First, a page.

By Kieran Cooper, Managing director, Lyris UK (www.lyris.co.uk)
A newsletter that gives its subscribers many ways to interact with your offering and content is one that they will anticipate and welcome. By extension, they’ll find more value in it, spend more time reading it and ultimately buy more from you through it.
Look at your newsletter, and count up the ways your readers can interact with you. And, don’t count your unsubscribe link. Instead, look for any way that you can get readers to get involved with the newsletter, your products or your company. If you found only one, or even none, then check out these strategies for ideas on how to add more ways for your readers to interact with your emails.
Great emails find a balance among interactive content, entertainment value and purchase behaviour. However, not every email message needs to follow this content-heavy format, nor does every reader seek it out.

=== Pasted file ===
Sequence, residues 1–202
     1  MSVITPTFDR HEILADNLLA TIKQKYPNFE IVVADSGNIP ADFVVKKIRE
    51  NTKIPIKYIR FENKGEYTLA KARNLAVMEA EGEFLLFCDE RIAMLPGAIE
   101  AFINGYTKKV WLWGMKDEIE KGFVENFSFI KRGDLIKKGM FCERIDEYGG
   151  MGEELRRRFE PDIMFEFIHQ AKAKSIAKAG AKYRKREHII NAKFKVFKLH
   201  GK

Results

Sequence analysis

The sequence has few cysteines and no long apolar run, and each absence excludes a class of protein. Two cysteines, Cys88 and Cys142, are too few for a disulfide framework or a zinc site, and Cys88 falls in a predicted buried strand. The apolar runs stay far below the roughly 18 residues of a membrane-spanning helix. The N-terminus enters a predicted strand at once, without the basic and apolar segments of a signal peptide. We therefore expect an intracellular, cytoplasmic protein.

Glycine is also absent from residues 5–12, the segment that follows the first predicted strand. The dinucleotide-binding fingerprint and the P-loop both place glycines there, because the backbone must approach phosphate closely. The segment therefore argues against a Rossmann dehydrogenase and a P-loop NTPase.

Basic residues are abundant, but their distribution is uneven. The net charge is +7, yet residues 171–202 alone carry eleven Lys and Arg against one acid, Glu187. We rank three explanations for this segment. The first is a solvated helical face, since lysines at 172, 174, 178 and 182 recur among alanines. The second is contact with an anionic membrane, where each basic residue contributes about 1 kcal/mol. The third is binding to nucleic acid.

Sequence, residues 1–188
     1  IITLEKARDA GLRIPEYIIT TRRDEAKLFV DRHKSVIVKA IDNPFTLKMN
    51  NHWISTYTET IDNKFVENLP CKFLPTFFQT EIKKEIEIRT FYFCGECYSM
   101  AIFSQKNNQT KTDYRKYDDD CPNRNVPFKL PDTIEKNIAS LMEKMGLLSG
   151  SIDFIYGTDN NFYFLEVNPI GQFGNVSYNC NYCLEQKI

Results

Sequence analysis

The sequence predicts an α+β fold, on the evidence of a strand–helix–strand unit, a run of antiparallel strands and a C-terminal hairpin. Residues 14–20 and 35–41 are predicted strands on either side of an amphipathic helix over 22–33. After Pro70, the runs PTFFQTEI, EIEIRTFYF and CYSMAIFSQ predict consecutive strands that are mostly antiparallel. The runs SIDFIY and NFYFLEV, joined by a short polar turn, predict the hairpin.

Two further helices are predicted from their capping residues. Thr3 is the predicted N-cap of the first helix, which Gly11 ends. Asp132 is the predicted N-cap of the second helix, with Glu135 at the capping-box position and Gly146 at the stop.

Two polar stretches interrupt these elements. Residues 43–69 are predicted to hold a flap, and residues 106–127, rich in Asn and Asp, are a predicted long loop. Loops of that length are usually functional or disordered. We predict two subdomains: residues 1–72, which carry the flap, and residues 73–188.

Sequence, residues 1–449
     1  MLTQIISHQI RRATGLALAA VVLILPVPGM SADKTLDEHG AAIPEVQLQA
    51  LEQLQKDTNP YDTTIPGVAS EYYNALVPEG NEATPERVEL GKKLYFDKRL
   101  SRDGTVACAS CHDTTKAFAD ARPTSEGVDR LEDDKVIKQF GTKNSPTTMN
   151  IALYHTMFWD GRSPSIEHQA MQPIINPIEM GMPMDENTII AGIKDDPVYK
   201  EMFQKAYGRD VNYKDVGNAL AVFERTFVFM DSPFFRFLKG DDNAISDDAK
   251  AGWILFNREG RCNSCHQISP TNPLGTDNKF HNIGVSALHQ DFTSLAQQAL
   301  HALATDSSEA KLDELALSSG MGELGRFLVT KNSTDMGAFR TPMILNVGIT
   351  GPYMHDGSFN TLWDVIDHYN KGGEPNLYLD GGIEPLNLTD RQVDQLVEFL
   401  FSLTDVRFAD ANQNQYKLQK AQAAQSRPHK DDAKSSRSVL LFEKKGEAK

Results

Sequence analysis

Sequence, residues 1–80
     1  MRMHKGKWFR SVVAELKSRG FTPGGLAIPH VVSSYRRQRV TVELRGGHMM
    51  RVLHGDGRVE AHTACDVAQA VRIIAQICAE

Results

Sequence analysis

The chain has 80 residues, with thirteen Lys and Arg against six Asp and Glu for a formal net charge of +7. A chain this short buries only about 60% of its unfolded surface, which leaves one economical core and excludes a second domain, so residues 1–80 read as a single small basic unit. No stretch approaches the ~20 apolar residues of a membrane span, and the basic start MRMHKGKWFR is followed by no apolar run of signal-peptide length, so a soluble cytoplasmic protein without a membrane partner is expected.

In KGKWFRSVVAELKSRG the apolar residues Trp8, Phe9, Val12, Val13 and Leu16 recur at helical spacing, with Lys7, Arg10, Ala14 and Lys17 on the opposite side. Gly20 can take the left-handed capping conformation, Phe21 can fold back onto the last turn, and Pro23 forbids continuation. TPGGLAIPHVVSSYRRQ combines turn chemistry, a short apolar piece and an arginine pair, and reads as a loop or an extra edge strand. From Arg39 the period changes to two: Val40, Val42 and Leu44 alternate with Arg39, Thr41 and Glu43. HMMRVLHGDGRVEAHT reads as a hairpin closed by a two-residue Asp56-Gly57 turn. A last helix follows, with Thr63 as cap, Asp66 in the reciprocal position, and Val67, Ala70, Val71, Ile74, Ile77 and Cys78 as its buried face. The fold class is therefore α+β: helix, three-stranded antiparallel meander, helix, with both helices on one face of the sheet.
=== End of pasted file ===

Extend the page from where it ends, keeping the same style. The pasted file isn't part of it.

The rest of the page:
Still, you should strive to add a little value to each email you send, whether it’s your regular customer newsletter, a one-off sales announcement, company news, or transactional emails such as subscription, registration and order confirmations or updates.
Offer content that is of specific interest to specific parts of your readership
Providing more in the way of bespoke content to match subjects of interest across the readership of your newsletter will take more time and effort, but will help the newsletter be much more successful. Many newsletters are guilty of being too generic in order to give something to everyone, ending up as rather bland publications, lacking depth for some subjects which are very important to part of the readership.
This can be achieved through audience segmentation – gathering data on their preferences and interests, and can quickly lead to considerably increased interest in the newsletter and more scope for sales activity as a result. The mistake made by many at this stage is to collect the preferences and then not act on them
Carefully consider newsletter length